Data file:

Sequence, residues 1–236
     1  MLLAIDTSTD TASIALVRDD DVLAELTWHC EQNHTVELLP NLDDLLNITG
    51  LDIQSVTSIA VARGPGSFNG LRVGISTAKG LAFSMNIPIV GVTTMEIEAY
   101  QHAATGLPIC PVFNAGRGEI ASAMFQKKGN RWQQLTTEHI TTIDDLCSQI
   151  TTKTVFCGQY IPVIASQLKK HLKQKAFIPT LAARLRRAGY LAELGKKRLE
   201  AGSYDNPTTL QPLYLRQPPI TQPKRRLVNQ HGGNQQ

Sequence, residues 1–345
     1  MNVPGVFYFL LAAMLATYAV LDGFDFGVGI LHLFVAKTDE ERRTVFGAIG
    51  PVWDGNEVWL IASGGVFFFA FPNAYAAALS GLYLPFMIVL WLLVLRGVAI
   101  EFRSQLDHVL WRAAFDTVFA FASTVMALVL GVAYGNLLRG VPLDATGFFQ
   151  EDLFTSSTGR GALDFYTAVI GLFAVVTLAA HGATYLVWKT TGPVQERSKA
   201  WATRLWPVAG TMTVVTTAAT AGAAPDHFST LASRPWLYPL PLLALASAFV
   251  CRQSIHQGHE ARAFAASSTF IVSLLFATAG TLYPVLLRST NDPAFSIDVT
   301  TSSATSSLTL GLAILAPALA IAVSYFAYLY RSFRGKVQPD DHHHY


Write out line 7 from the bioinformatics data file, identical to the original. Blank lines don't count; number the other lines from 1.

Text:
Sequence, residues 1–345